Facebook snooping on your browsing

Social media sites wants to follow you on the web.
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01.Social media web tracking


Facebook is giving itself permission to snoop a little further into your web browsing.

The social media platform announced on its company blog recently that it's making changes to the way it manages advertising on the site and its apps by offering your web browsing history to advertisers for targeted advertising.

Facebook informs users that it's about improving ads so they're more relevant and giving people more control over ads.

A petition has been created to demand Facebook stop this new surveillance and remind people that they can opt out of the online tracking.

Users can avoid this kind of behavioural advertising by going to the Digital Advertising Alliance opt-out webpage and installing opt-out cookies to limit information gained from your browser or opting out of all tracking advertising.

Privacy advocates are unhappy because it represents a new invasion into people’s web browsing habits to exploit for advertising.

The social media giant has been criticised for this latest grab at personal information, particularly in light of the Snowden revelations about large scale internet surveillance by the US NSA and the invasion of privacy this represents.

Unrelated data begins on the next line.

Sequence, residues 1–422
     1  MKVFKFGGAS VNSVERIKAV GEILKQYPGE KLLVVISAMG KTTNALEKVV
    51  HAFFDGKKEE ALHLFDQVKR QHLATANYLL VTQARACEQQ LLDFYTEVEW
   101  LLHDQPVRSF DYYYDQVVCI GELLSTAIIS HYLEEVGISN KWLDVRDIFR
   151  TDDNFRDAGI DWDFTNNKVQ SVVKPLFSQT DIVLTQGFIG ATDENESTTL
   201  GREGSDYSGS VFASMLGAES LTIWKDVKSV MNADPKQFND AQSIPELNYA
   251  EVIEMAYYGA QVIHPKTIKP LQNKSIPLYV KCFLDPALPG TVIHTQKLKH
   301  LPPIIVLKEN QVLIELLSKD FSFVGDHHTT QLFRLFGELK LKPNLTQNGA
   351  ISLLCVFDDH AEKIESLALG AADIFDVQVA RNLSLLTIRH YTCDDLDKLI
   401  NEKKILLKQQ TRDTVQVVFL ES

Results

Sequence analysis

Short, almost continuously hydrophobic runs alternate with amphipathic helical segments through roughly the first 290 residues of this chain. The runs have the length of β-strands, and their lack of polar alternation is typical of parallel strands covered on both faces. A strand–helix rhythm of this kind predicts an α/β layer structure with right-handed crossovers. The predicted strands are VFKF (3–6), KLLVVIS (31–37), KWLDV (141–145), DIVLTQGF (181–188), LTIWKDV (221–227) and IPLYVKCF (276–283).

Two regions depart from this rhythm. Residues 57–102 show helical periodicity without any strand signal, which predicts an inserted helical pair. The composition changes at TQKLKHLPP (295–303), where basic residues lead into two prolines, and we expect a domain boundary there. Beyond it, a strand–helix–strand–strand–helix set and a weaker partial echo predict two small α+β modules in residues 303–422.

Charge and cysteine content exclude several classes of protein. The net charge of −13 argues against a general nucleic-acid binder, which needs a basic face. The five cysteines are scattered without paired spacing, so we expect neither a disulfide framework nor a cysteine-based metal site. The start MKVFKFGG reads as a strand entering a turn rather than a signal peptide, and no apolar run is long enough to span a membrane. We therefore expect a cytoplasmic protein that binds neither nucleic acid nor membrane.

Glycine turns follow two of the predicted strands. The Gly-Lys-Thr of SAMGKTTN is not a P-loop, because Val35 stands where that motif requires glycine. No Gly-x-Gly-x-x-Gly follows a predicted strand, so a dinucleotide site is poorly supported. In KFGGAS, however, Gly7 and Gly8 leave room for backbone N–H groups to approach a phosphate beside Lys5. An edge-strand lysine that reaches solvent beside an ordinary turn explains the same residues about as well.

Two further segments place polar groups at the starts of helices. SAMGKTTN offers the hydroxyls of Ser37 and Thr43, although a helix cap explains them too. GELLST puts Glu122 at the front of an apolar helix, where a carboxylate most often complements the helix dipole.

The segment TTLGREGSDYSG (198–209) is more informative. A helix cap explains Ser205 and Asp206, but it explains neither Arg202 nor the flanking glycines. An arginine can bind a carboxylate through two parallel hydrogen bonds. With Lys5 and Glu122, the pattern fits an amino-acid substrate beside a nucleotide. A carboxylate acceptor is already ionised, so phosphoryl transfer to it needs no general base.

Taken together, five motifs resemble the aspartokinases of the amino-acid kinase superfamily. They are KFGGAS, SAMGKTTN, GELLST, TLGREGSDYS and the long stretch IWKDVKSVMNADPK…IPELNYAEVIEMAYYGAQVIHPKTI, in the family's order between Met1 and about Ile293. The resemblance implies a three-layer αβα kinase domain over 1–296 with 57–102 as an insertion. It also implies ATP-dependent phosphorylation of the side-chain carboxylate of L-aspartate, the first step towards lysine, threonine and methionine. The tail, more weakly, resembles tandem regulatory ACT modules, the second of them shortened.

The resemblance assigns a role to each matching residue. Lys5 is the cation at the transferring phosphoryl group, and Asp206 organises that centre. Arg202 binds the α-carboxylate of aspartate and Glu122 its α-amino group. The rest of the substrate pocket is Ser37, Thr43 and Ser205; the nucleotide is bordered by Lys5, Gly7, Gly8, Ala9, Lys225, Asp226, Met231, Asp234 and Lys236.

Facebook ran into trouble with the FTC in 2011 and eventually settled charges over the changes it made to its privacy policy. It was required to have users’ permission to make significant changes to its privacy policies. 

Some advocates say this latest change violates the FTC settlement and wants it to act.

Facebook has reportedly said it’s only doing what competitors are doing and that ads on the social media platform will have links to pages explaining why they’re seeing that ad and how to remove that interest from their profile.

At this stage, it’s only changing for US users, but Facebook expects to expand the system to all users in the new few months.

Facebook sells user data to large online databrokers such as Acxion and Datalogix, which in turn onsell to other online advertisers and marketers, to amass large stores of information about people’s web browsing habits to target advertising.

One simple way to limit tracking is to install a browser plug-in such as DoNotTrackMe.



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